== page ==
One constant in all the modifications to billing and reimbursement guidelines for evaluation and management (E/M) services provided by hospitalists is that a face-to-face patient encounter by the billing provider is required. Exceptions do occur (e.g., telehealth services, care plan oversight, home health certification) but are infrequently reported by hospitalist teams. Do not get caught misreporting the following services due to the absence of a physician presence.
Discharge Day Management
Hospital discharge day management (CPT 99238-99239) is a face-to-face E/M service between the attending physician and the patient. Document the date of the actual physician visit even if the patient is discharged from the facility on a different date.1 Documentation must substantiate this personal patient encounter.
A hospitalist can choose to record the face-to-face encounter in a handwritten progress note or make note of it in the formal discharge summary. When relying solely upon the dictated summary, physicians often fail to identify personal contact with the patient. Although an examination need only be performed “as appropriate” on the day of discharge, it is the best indicator of a face-to-face encounter. Such statements as “Upon discharge, the patient appeared well, vital signs stable, lungs clear” or “Patient seen and examined by me on discharge day” clearly illustrate this service.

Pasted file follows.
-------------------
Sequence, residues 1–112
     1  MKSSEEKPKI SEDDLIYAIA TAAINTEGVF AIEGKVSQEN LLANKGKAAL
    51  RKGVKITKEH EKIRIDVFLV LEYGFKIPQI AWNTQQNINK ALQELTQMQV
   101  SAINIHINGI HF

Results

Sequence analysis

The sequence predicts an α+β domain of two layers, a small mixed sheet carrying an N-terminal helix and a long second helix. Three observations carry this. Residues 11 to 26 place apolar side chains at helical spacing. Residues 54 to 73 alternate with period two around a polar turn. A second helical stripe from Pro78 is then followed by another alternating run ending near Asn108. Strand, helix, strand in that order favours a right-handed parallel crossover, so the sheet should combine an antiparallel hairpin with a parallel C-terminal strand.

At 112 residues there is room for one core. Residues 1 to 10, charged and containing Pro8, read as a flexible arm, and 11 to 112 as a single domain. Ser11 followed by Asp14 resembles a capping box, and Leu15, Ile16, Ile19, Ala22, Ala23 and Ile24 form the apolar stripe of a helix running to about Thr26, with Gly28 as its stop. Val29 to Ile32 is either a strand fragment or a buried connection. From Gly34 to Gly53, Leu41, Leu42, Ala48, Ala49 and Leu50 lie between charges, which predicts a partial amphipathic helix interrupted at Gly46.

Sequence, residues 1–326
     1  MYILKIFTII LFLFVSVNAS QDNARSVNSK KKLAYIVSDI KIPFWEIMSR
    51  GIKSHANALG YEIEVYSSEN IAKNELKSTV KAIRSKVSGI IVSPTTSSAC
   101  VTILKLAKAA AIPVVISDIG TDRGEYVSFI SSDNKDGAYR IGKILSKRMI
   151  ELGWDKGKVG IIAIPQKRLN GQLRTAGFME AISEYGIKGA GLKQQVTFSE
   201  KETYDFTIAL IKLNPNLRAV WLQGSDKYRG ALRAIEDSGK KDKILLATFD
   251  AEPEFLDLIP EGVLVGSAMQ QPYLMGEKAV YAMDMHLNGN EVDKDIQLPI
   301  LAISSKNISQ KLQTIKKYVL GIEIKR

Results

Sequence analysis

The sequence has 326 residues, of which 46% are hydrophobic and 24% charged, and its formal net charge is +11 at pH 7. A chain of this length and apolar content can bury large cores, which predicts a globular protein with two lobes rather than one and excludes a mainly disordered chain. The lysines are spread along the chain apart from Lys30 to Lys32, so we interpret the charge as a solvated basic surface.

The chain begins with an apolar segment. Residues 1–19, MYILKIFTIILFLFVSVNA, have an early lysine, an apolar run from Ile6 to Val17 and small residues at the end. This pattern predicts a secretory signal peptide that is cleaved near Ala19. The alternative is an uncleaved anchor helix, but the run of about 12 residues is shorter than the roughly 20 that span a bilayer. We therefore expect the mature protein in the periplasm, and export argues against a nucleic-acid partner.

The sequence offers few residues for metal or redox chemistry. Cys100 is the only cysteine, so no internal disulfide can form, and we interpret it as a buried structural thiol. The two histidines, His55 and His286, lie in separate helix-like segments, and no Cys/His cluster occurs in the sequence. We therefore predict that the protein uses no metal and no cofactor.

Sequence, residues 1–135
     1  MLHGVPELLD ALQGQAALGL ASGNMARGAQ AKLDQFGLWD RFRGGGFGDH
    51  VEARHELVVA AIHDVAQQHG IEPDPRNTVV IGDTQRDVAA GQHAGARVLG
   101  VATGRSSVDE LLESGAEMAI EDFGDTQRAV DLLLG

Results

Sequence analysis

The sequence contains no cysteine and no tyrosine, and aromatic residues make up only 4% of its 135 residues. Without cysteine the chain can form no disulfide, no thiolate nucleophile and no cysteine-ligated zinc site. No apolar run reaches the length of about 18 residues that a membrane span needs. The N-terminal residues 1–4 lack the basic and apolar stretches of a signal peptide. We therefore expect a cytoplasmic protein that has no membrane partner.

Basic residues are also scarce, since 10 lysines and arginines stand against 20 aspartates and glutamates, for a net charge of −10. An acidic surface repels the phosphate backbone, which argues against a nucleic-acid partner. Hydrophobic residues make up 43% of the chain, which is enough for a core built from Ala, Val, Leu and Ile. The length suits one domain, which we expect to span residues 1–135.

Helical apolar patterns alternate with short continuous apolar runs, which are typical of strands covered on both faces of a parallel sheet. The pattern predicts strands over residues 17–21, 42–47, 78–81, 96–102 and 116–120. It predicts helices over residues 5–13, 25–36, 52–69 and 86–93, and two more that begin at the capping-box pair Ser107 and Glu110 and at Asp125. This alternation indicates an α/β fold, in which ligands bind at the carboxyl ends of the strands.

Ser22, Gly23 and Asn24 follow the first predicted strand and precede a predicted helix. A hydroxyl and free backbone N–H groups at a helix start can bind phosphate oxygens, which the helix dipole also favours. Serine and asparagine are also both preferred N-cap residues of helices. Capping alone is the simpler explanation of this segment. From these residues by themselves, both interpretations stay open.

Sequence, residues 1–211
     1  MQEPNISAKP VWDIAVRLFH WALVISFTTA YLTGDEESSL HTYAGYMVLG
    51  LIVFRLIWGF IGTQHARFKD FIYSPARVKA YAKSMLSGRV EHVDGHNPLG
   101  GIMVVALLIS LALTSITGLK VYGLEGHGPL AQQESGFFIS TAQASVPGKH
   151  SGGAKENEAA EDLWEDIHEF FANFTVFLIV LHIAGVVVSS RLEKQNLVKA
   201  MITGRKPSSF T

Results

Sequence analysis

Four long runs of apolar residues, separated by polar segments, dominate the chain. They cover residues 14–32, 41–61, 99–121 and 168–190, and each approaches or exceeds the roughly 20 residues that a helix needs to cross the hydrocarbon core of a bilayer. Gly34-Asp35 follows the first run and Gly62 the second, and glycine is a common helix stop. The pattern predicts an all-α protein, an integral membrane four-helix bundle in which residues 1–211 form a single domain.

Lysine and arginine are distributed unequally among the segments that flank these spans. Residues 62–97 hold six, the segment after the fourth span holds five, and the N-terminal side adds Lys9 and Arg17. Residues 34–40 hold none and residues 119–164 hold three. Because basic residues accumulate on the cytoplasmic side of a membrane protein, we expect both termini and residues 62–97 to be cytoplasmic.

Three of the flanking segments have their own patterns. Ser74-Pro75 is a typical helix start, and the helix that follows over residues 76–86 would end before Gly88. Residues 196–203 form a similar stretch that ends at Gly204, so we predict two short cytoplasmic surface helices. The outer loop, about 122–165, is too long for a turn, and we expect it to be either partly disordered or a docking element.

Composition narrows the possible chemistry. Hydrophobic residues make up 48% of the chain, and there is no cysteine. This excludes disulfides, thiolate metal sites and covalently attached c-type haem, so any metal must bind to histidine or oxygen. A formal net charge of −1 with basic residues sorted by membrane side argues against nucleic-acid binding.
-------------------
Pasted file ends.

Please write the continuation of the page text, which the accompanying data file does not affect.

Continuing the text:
It is important to note that only the attending physician of record reports the discharge day management service. Physicians or qualified non-physician practitioners (NPPs), other than the attending physician, who have been managing concurrent healthcare problems not primarily managed by the attending physician and who are not acting on behalf of the attending physician should use subsequent hospital care codes (99231-99233) for a final visit.2